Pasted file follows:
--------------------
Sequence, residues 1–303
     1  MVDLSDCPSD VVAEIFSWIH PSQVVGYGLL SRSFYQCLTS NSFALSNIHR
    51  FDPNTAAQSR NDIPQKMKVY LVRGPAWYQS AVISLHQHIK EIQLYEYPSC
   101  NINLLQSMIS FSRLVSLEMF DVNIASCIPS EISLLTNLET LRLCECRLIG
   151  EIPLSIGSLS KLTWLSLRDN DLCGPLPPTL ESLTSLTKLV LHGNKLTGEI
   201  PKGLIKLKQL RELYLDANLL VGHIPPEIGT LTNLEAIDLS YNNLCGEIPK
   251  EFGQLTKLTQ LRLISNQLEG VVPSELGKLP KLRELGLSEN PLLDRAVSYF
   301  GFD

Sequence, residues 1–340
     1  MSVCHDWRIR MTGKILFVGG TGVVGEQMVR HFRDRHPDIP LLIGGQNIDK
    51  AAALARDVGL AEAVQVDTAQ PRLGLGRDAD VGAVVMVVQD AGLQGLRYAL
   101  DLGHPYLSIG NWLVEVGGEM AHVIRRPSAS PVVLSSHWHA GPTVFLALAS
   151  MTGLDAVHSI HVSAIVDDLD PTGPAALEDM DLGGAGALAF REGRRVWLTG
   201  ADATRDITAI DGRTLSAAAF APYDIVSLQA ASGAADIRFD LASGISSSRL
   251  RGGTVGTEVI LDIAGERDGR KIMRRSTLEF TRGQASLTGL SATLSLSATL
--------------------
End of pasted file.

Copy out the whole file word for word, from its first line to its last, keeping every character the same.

Sequence, residues 1–303
     1  MVDLSDCPSD VVAEIFSWIH PSQVVGYGLL SRSFYQCLTS NSFALSNIHR
    51  FDPNTAAQSR NDIPQKMKVY LVRGPAWYQS AVISLHQHIK EIQLYEYPSC
   101  NINLLQSMIS FSRLVSLEMF DVNIASCIPS EISLLTNLET LRLCECRLIG
   151  EIPLSIGSLS KLTWLSLRDN DLCGPLPPTL ESLTSLTKLV LHGNKLTGEI
   201  PKGLIKLKQL RELYLDANLL VGHIPPEIGT LTNLEAIDLS YNNLCGEIPK
   251  EFGQLTKLTQ LRLISNQLEG VVPSELGKLP KLRELGLSEN PLLDRAVSYF
   301  GFD

Sequence, residues 1–340
     1  MSVCHDWRIR MTGKILFVGG TGVVGEQMVR HFRDRHPDIP LLIGGQNIDK
    51  AAALARDVGL AEAVQVDTAQ PRLGLGRDAD VGAVVMVVQD AGLQGLRYAL
   101  DLGHPYLSIG NWLVEVGGEM AHVIRRPSAS PVVLSSHWHA GPTVFLALAS
   151  MTGLDAVHSI HVSAIVDDLD PTGPAALEDM DLGGAGALAF REGRRVWLTG
   201  ADATRDITAI DGRTLSAAAF APYDIVSLQA ASGAADIRFD LASGISSSRL
   251  RGGTVGTEVI LDIAGERDGR KIMRRSTLEF TRGQASLTGL SATLSLSATL